Tag: Heist Films

Kannum Kannum Kollaiyadithaal

As The Swivel Chair Spins #5

Let me be honest, I underestimated what Kannum Kannum Kolaiyadhitaal was going to be. The first five minutes is just Dulquer Salman driving a car which says DQ on its license plate, there is also mention of his Kerala female fandom (yaawn), there was the genuinely irritating Vijay TV sidekick quota, it confirmed my fears that this was a generation film i.e not for me. 

I sat through nevertheless and things got interesting. 

After a song (or two, sorry didn’t notice) and usual love interlude, we really come to know what our heroes are up to: they are small cons who utilize the gaps in the ecommerce system to profit and they are of course not bound by any morals. But with them is that small niggling thought at the back  that they would be caught. 

If they have shown a thief, they will show police also- enter Gautham Menon as DCP Pratap Chakravarti (DCP PC?), how he will catch these small time crooks is the rest of the story. 

Or so I thought. 

Kannum Kannum Kollayadithal is that kind of movie that stacks up a bunch of carpets and pulls it one by one from under my feet. 

But thankfully I was seated.  

KKK is a very competent investigation thriller, the policemen use logic to get from one clue to another, it is also a competent heist film- be it in the objective, team assembly, planning and showing things when they don’t go according to plan. 

Lessons from the screenplay has a great video comparing two mission impossible films and how they execute their best heists, I would say KKK too has some elements of them in it and kudos for getting elemental genres right, it’s rare in a tamil film. 

But KKK is one of those rare things which try to show that they are about something, but is about something else and succeed in both- I am not getting into the morals portrayed but in a way a concept is presented. 

If you have not seen Kannum Kannum Kollaiyadithaal then you should stop reading after this sentence. <SPOILERS> 

<SPOILERS, there is no other way to explain without going into spoilers sorry>

The concept of no one is a yogiyan (sorry couldn’t find an immediate english equivalent) is worked into the story and comes full circle, everybody is in some way a criminal and in some way there is no big or small crime- the magnitude of that doesn’t matter.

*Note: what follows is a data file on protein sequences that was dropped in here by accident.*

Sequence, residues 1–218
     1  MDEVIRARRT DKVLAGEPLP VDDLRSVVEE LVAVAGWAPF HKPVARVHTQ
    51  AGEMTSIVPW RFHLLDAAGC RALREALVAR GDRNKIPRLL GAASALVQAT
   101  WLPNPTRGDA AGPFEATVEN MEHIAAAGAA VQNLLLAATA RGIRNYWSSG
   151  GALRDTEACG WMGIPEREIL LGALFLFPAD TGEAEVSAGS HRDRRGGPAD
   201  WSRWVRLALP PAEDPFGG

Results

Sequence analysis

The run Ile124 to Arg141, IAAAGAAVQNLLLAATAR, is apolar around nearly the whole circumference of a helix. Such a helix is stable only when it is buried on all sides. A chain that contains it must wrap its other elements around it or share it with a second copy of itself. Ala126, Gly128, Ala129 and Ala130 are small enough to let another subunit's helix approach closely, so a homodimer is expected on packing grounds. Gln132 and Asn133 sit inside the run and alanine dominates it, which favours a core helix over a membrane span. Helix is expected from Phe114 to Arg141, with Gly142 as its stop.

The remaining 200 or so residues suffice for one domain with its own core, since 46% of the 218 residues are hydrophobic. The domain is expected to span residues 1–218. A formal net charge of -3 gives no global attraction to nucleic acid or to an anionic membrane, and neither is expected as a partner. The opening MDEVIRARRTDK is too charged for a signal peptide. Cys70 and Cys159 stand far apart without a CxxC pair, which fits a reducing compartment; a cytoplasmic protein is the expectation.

But where the move falters is when it tries to become a hero and co winning just because they are hero and heroine types, but why, anyone could have won. It also falls into the Petta trap of suddenly making solid characters look weak so that the hero can win. 

I can disagree with the concept and still like the film. So in a film full of bad guys, does the hero heroine looking types win just because they are hero heroine types? 

Maybe DCP Pratap might ultimately catch up with them in the end? Maybe their money will dry out in Thailand and they will fully realize the folly in their lives? Maybe some natural tragedy will befall them. 

I closed the TV thinking, yeah they are happy for now, but not for long.Just like that final shot in the Graduate. Things happen to people. That’s just my coded narrative watching habits. 

In Moondru Deivangal, one of the finest Tamil movies ever made; Sivaji-Muthuraman-Nagesh play thieves who are out of jail and trying to con a very simple retailer, the goodness of their family ultimately changes the trio- but still they use their history tricks to protect this simpleton and ultimately go back to prison. 

Bad guys winning is fine, but for me it is more rewarding when they end up turning into good people, it’s a movie, it gives closure, it gives purpose for them to have been crooked in the first place. 

But closure as they say

But Dada Mirasi did it first

It is unfair to compare two movies, even if they are similar, there are other movies in which the relatively good-bad guys win like for example the Ocean’s trilogy which is a lot more than heist films, but it clearly establishes the meanest of the mean, the annoyerest among the annoyers.

Meanwhile in KKK, even GVM is smart, the drug dealer is smart and powerful but the guys getting away with it are just because they are like hero and heroine of this generation. That didn’t sit well. No it didn’t and pulling Oceans and Moondru Deivangal into this was a bad idea. 

Should have never done that. All I wanted to say is that you have introduced a concept very well- whatever be the morals, very convincingly but not going the full distance. Pch.

Still a very engaging watch.

Let’s talk about : The Ocean’s Trilogy

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While we are on the topic of greatest movies ever made, let’s talk about the Ocean’s trilogy.

Steven Soderbergh is unpredictable, he retired from movie making some four years ago and then came back to make Logan Lucky, many called it an inversion of his Ocean’s trilogy; functional and without any style. The whole style vs substance would put the Ocean’s trilogy in bad light, but in reality style is the substance in these films.

Soderbergh himself has taken various positions on the Oceans franchise, from being appreciative to being ‘I don’t really care if you don’t like it’; but he has admitted that a lot of work went into the trilogy and that is why it is interesting (and great). A carefully constructed ode to old hollywood but still very modern and yet entertaining cinema.

Full disclosure: the Ocean’s trilogy for me is up there (obviously with LOTR) in terms of breaking up characters and their tales into three parts. The Lord of the Rings also had the cushion of a literary work and generations of readers who are familiar with the story.